Teachers are searching for a constructive way to emphasize the importance of self-worth within education, and a solution may have been found.
Faculty at several universities have studied how social and emotional learning techniques can improve students’ attitude and classroom behavior while reducing aggression and stress.
Youngstown State University will welcome Kimberly Schonert-Reichl to speak about social and emotional learning on Monday.
The main lecture will take place at 5:30 p.m. in McKay Auditorium, with mini informational sessions Monday at 2 p.m. and Tuesday at 9:30 a.m.
Schonert-Reichl is an applied developmental psychologist and an associate professor in educational and counseling psychology at the University of British Columbia.
For more than 20 years, she has worked to identify positive cognitive processes and traits, such as empathy and optimism, in children and adolescents. She is currently examining the effectiveness of social and emotional learning in classrooms.
Social and emotional learning is comprised of self-awareness, responsible decision-making, relationship skills, self-management and social awareness.
Regina Rees, an assistant professor in teacher education, has worked with the Collaborative for Academic, Social and Emotional Learning Research; Schonert-Reichl serves on its board.
“We want everyone to know what social and emotional learning is and how it can benefit children and adults,” Rees said. “Research shows that if we can’t know our limitations and get along with others, you can’t get along in society.”
Along with Rees, Dora Bailey, Richard McEwing and Sylvia Imler comprise a team of YSU professors who study social and emotional learning.
CASEL consultant Patty Horsch works with YSU faculty to enforce this learning technique in the early stages of teaching.
“We are recognizing now that teachers need to know how to promote this before children enter school,” Horsch said. “It should be part of teacher curriculum and their training.”
McEwing said he is eager to have someone from off campus come in to validate the information he has given in class. He will be taking his class to see Schonert-Reichl with the hope of emphasizing the importance of these lessons in day-to-day life.
“It all comes down to, ‘If I’m upset about something, do I scream and yell and hit, or do I think about a different way to deal with it?'” McEwing said. “It also connects to how you interact with people.”
Our first response as people, McEwing said, is to “attack, attack, attack,” instead of stressing what a person does right.
Rees said this seminar will not only highlight the positive aspects of children, but it will also provide prospective teachers and others working with children with the tools to manage anger.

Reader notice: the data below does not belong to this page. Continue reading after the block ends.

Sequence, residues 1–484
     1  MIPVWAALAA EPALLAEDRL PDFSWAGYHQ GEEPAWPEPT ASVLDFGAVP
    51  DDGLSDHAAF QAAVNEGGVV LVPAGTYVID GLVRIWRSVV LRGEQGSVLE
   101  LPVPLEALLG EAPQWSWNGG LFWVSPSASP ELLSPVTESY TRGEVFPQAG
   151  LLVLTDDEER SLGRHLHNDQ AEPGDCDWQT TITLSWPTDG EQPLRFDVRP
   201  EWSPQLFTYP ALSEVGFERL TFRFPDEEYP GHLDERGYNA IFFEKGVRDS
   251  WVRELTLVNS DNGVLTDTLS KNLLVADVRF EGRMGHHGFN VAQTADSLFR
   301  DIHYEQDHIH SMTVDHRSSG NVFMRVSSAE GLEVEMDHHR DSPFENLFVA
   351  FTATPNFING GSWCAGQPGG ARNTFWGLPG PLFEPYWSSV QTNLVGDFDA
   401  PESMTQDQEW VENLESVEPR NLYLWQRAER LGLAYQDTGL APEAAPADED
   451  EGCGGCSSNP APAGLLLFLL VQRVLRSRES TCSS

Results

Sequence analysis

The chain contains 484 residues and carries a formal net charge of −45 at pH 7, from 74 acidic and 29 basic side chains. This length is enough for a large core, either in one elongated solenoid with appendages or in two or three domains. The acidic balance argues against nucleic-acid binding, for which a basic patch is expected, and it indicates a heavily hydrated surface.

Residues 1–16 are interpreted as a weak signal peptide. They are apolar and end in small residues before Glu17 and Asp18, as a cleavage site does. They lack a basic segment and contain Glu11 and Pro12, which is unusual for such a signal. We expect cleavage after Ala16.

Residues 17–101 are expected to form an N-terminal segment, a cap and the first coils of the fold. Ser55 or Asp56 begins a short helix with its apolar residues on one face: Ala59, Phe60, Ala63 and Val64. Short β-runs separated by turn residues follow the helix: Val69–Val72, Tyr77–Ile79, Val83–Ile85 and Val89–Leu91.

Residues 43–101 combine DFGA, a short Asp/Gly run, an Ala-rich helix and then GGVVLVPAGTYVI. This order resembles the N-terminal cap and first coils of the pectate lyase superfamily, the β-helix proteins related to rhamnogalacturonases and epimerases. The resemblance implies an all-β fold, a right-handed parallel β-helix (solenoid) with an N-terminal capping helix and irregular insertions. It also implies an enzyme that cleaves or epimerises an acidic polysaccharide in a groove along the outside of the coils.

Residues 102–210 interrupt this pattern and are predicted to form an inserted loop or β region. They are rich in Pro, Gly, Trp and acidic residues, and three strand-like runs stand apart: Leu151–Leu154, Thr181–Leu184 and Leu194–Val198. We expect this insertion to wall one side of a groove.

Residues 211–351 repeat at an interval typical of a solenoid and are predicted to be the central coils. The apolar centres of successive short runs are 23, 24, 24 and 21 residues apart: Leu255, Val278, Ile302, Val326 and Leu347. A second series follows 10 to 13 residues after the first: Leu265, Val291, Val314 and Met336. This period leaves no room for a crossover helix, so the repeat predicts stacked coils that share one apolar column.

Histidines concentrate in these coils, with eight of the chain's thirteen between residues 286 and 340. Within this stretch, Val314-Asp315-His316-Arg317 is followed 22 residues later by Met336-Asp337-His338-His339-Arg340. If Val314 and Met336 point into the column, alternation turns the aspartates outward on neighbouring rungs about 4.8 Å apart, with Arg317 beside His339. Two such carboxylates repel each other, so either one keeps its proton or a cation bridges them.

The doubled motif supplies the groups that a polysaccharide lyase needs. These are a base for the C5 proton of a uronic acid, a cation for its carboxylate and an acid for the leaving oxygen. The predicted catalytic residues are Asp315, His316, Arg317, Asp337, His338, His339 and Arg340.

“The people who would really be interested are psychology majors, social work majors, and human and ecology majors. Even business majors would enjoy this,” Rees said.
That includes bullying. Rees said it is imperative that parents and teachers reach a level of understanding with the children they deal with.
She added that kids won’t be able to learn math and other subjects if they are dealing with these outside stressors.
“This is something that we all need, and if we start when they’re younger, then they’ll develop those habits, then maybe we won’t have things like road rage and dads shooting laptops,” Rees said in reference to an Internet video of a father shooting his daughter’s laptop after discovering that she insulted him on Facebook.
McEwing said bullying typically relates to self-image, and those who act as the aggressor are unhappy with themselves and are looking to take it out on others.
“I think there is bullying in other venues. I think there are bosses that are bullies that bully their employees and those are always threatening behaviors,” McEwing said. “People want compliance just because they’re in a position of authority.”
Horsch, however, does not tie social and emotional learning specifically to bullying, but said it can help alleviate it. She said the learning style should be used to develop a sense of self-management to realize how goals can be met.
“Learning all of your emotions is very proactive. You do learn to have respect for others and a respect for diversity, develop a sense of empathy and be able to take someone else’s perspective,” Horsch said.
1 comments Anonymous Tue Feb 21 2012 09:23 There are no dates in this article, what monday does this take place so I can attend?